Thus, hunger and malnutrition are ultimately caused by a lack of access to food and not an inadequate global food supply. Peasants have responded by creating a transnational peasant movement for agricultural policy change. At the World Social Forum in 1996, Via Campesina, a collective of peasant organizations, raised a slogan of food sovereignty that stands in marked contrast to agricultural liberalization. In fact, one of the main slogans of the food sovereignty movement is “WTO Out of Agriculture!” Also, at the World Social Forum, member countries called for a clearer definition of the nascent international human right to food.
The human right to food is enshrined in a host of international agreements. Article 25 of the Universal Declaration of Human Rights is considered the first articulation of the right to food in an international legal instrument. It was adopted as part of the International Covenant on Economic, Social and Cultural Rights (ICESCR), a group of rights that have been criticized as deeply socialistic and have yet to be adopted by the United States. Article 11 of the ICESCR and General Comment 12 by the Committee on Economic, Social and Cultural Rights together contain the most detailed and widely accepted articulation of the right to food. General Comment 12, a response to the request for clarity at the World Social Forum, declares the core content of the right to food to be: “The availability of food in a quantity and quality sufficient to satisfy the dietary needs of individuals, free from adverse substances, and acceptable within a given culture; The accessibility of such food in ways that are sustainable and that do not interfere with the enjoyment of other human rights.”
In effect, the CESCR imposes an obligation on parties to respect, protect, and fulfill—which in turn means to facilitate and provide—the right to food of their citizens under the above definition. Like other economic, social and cultural rights, the right to food is meant to be realized progressively. In sum, the right to food is an economic, social, and cultural right that is a duty borne by states to individual citizens. Countries have adopted a domestic right to food modeled after the international human right.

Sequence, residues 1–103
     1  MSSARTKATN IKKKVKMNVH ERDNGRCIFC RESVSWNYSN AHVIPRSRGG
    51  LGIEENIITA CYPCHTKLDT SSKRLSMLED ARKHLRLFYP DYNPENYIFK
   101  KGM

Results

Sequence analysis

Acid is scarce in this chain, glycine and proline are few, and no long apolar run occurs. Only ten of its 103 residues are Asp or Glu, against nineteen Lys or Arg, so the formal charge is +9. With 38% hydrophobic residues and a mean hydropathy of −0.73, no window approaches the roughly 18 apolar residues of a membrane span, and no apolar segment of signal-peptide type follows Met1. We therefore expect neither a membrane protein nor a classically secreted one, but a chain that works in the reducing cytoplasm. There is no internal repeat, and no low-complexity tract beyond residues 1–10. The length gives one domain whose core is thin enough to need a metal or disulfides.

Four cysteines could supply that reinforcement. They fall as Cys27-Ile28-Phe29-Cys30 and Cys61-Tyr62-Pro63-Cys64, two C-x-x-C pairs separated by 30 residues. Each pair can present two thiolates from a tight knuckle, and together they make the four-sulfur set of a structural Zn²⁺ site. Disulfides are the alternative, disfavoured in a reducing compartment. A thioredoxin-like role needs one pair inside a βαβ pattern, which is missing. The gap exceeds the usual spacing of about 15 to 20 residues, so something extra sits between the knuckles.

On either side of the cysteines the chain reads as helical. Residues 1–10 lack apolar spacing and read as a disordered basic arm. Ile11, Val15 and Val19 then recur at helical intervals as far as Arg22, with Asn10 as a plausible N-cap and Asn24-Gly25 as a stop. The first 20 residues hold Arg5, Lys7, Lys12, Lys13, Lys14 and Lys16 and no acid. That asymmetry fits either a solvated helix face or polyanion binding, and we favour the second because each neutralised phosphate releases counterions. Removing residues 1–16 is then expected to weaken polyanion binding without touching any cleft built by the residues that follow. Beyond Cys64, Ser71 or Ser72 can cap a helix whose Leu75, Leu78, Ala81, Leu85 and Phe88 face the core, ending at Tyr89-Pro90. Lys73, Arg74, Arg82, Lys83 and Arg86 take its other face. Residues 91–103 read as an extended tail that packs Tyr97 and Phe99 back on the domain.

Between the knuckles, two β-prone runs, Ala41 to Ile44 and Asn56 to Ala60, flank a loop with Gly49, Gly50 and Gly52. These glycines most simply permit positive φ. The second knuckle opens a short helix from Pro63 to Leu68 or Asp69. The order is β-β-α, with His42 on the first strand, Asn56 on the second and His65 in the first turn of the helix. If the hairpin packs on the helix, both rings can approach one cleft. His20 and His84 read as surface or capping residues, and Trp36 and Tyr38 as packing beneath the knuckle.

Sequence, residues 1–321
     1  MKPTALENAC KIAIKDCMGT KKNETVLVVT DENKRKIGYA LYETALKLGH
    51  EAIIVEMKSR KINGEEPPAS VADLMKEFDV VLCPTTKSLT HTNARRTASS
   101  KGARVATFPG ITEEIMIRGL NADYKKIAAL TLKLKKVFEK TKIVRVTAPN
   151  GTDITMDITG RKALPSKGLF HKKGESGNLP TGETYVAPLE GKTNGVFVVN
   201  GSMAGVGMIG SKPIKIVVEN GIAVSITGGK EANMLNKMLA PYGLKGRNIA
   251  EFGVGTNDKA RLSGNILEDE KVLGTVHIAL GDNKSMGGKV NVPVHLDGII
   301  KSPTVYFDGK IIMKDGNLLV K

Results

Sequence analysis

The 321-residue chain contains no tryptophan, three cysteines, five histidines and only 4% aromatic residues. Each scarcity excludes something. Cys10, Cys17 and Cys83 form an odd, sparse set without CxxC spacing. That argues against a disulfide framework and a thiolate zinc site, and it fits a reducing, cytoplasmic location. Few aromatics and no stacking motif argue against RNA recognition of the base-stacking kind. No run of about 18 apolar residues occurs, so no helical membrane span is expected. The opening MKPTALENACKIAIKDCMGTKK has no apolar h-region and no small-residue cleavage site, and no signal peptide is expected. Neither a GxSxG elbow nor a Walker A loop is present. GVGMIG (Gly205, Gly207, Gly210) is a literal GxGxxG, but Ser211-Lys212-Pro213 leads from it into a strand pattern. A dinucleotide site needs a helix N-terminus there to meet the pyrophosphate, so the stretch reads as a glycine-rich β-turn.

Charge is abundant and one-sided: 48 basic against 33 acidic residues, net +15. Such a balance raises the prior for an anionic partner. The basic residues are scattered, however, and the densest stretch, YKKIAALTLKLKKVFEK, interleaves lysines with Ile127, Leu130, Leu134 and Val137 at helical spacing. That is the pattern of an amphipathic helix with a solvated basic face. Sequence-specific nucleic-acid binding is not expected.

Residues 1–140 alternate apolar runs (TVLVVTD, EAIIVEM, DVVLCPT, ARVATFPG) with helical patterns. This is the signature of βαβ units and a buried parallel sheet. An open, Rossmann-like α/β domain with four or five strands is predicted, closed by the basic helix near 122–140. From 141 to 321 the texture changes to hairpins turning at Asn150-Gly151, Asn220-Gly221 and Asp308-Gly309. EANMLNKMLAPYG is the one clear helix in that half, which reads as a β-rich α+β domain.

B. The developing domestic right to food
A domestic right to food is fundamental to the success of the international human right because it allows citizens to challenge human rights violations of their governments. In order to understand why this is, it is important to emphasize the unique nature of international human rights. One of the major distinctions between international and domestic rights is the likelihood of enforcement, with domestic rights having the higher likelihood. Another is the uniquely moral character of human rights, which theoretically push states to a higher standard of behavior, but do not necessarily translate into action. As mentioned above, some governments, including most recently Brazil and Kenya, recognize a legally enforceable right to food in their domestic law, which addresses these shortcomings.
In Brazil, the right to food was established with a constitutional amendment in February 2010, following the adoption, in 2006, of the National Food and Nutritional Security Framework Law. In August, 2010, the constitutional amendment was followed by the adoption of a Policy on Food Security and Nutrition, firmly anchoring the right to food under Brazilian law. This law charges administrators in the Federal Executive responsible for implementing programs of the Policy of Food Security and Nutrition with “establishing . . . mechanisms and instruments of accountability. . . .”
Likewise, the President of Kenya signed a new Constitution into effect in 2010, which includes the right to food as a reflection of its international obligations under the CESCR. In Kenya, the new Constitution allows for various types of claim mechanisms in the case that the state or state organs violate the right to food. Thus, with these claim mechanisms in place in both Brazil and Kenya, a citizen can hold his government responsible for failing to respect, protect, promote or provide his right to food.
By the end of 2010, twenty-five countries had the right to food in their Constitutions. In addition, national policies (or “framework laws”) provide for the accountability of government officials, prioritize the right to food in development strategies and establish a nation’s bargaining position in trade and investment. Ideally, these laws are translations of the ICESCR into domestic laws. Additionally, national strategies such as Brazil’s Fome Zero (Zero Hunger) Strategy and India’s National Rural Employment Guarantee Act are another important step toward implementing the right to food.